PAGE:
“Mastering Those Martian Moments: Surviving as a Leader When You Feel Stranded on Mars”
Those of you who know me are aware that I love going to the movies. It’s my chill thing and it’s one of my “relax and revive” stress busters. A couple of weeks ago, we had a family outing and we went to see The Martian. As I typically do with sci-fi movies, I went in with no expectations. I wanted the story, not my presumptions, to lead me. Since I purposely had not paid any attention to the movies’ reviews and spoiler alerts, I made the decision to rate this one myself.
The basic premise of the story is about an astronaut, Mark Watney, who was presumed dead by his crewmates and consequently left behind on Mars with limited food, oxygen and other supplies. He makes contact with NASA after his crew leaves and must learn how to survive on an unfamiliar planet until he is rescued.
About 30 minutes into the movie, I was hooked. I started seeing leadership comparisons to what happens when you are new and leading transformational change. The recent changes at my organization have shifted some leaders into new, and very different, roles from the ones that they had grown up in, very different from their familiar. As I considered the changes accompanying our IT transformation, I pictured some of our leaders facing a situation like Watney and wondered, What would they do and how would they do it if they were stranded on Mars? How would they survive a Martian Moment?
I noticed 5 leadership traits that act as survival skills in what I’m going to call Martian Moments, those times when, as leaders, we’re faced with sustaining ourselves in the unfamiliar:
1. Acknowledge the moment and its reality.
The unfamiliar is scary and it is imperative to come to terms with that fear. Recognition and acceptance of fear allows us to process how to combat it. We are then in a position to associate the unfamiliar with things that are more familiar to us.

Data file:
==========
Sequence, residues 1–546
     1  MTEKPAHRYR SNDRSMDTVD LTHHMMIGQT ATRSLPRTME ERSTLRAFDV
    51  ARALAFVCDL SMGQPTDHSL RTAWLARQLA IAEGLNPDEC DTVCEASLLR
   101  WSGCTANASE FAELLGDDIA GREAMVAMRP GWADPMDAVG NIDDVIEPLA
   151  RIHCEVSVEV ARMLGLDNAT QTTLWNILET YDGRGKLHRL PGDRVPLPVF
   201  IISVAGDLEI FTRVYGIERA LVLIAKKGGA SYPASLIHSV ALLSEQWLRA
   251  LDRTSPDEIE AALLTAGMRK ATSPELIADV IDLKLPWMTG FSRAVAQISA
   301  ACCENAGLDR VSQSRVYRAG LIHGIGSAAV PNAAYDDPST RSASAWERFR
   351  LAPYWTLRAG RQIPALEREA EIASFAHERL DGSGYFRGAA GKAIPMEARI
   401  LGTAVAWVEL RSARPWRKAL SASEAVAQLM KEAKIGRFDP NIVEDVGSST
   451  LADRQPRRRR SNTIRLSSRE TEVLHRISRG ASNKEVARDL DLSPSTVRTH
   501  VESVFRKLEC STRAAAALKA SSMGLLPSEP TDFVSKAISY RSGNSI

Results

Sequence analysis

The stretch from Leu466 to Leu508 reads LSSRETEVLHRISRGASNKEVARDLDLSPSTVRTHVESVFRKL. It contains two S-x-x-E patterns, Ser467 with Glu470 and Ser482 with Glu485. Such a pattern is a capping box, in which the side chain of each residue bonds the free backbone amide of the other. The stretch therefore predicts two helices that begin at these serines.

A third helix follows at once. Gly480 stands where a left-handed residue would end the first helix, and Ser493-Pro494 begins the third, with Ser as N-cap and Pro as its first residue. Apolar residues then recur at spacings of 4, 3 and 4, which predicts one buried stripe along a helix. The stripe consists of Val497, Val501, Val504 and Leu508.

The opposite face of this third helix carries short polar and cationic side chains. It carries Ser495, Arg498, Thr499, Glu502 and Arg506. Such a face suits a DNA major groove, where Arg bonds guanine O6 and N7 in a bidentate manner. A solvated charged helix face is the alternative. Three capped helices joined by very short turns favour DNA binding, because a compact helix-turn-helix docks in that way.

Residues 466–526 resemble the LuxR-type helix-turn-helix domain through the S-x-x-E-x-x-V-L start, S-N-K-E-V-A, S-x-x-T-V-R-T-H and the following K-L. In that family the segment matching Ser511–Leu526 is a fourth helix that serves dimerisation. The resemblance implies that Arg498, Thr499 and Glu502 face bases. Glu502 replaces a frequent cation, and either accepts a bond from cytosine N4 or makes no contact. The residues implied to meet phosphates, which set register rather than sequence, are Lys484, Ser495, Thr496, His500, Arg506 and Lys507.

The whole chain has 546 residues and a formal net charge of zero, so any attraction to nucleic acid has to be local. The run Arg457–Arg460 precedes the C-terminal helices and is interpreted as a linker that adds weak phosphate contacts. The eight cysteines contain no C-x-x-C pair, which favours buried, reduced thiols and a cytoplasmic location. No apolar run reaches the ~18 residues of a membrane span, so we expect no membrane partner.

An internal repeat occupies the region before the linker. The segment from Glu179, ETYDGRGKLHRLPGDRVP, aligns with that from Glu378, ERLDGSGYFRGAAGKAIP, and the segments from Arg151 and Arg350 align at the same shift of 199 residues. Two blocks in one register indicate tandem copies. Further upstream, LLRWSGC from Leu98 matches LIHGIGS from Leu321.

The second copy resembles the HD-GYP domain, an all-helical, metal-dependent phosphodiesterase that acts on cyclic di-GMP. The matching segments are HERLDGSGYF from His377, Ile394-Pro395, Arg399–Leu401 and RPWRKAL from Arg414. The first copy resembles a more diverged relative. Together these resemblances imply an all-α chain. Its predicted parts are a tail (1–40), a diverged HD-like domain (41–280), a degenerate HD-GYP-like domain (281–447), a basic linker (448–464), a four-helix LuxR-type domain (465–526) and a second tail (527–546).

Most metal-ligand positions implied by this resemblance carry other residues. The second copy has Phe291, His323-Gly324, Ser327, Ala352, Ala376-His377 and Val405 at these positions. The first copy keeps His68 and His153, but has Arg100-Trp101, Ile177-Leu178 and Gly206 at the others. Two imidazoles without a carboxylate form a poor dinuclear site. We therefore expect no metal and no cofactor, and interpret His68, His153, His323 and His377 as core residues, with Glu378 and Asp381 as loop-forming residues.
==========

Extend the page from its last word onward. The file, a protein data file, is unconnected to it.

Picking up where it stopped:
2. Revive your confidence in who you are and what you know.
Though unfamiliar to us at first, we arrive at every moment armed with our own experience and knowledge. Again, the association of the unknown, to things that we know, assists in elevating our confidence putting us on our path to success. Be prepared to ride the momentum of confidence. It will take you a long way.
3. Expect the unexpected.
It is important to remember that though we are armed with experience and knowledge to help us succeed, the unfamiliar will still come with unexpected circumstances. Our best laid plans are just that, plans. Plans are only beneficial if they are pliable to unexpected realities.
4. Believe in your teammates.
Though we feel alone in this area of unfamiliarity, we are never alone. Each of us has the direct and indirect support of our teammates. Even when our team seems to leave us stranded, as Watley’s crew did in the movie, there is always an explanation. We can choose to trust our team’s good will. Do that, and you could illuminate the whys behind their action and new information you never considered before.
5. Think outside the box.
The unfamiliar compels you to apply your experience and knowledge, and it allows you to be creative. The creativity of out-of-the-box thinking is exactly what produces the breakthrough moments required for greatness.
My most impactful takeaway from the movie was realizing that we have all been The Martian at some point in our lives. We have all been moved to a place of unfamiliarity, and we have all had to create a plan for survival.
Take Action: No matter what it looks like or what you believe you see, decide today to reset your reality and “Martian” your way forward. That’s how you capture your Martian Moment.
Leadership on the GO…..It’s ON